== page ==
Appel, Allen. Till the End of Time.

NY: Doubleday, 1990.

The third book of this excellent time-travel trilogy — which turned out not be the last in what became a series, though it certainly felt like it at the time — puts Alex Balfour in the thick of World War II in the Pacific, beginning with Pearl Harbor and ending with ground zero at Hiroshima.

The supporting characters this time include not only FDR and “Wild Bill” Donovan, but Betty Grable, Albert Einstein, Julia Child, John F. Kennedy, and Orson Welles. The moral dilemmas have to do with xenophobia, the psychological function of hate, and the nature of both killing and revenge. The chapters in which Alex, stuck on a Pacific island with the Marine Raiders and a horde of Japanese, overcomes his natural fears and becomes a dead-eyed killer are especially harrowing. So are his experiences following the dropping of the first atomic bomb. And, after three volumes in which we develop a high regard for the main characters, the ending of this one is most unsettling, even upsetting. But history isn’t “fair.”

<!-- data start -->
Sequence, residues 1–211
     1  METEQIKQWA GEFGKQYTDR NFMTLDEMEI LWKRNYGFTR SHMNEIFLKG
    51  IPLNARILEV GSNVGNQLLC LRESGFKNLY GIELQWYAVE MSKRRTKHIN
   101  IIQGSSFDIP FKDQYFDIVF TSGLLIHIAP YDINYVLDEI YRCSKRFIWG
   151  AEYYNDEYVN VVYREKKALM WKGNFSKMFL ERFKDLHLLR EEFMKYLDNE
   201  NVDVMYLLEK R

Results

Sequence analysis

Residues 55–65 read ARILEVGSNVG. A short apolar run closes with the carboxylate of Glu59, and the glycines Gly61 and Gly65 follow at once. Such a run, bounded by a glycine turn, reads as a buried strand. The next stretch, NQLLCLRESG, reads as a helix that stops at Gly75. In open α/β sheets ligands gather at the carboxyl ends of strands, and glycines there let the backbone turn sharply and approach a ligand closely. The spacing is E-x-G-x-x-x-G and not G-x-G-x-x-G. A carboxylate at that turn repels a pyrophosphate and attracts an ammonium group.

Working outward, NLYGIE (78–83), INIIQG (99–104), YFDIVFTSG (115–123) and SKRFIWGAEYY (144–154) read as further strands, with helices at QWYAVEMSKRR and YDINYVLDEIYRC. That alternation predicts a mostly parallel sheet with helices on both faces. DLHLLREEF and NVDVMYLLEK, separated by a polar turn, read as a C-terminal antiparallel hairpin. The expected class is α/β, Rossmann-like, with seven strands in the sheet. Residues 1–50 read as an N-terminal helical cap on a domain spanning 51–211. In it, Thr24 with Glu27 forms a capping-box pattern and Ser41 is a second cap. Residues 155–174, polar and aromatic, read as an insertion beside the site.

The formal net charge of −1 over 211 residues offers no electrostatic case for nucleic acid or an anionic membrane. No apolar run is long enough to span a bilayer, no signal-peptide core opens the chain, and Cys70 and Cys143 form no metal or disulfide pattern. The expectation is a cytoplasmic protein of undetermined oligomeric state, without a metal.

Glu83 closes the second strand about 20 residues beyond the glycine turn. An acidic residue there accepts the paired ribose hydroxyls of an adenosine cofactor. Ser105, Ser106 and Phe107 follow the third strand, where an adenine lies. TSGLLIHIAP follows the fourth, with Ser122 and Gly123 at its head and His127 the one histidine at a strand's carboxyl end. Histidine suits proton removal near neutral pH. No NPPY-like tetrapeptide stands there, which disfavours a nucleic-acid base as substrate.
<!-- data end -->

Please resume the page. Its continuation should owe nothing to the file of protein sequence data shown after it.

Appel’s strength comes from his knowledge of the minutiae of history, which adds fascinating verisimilitude and keeps the reader’s attention in the best way. The real historical figures who pop up unexpectedly were, in fact, really there. The alternative explanations Appel offers for certain historical events are quite plausible, most of them having been advanced by historians at one time or another. The author also has a real knack for making us care about his characters, and he certainly has a wonderful way with words. He understands genuine emotion, too, as shown in the last couple of chapters as Alex struggles with the new realities in his life.


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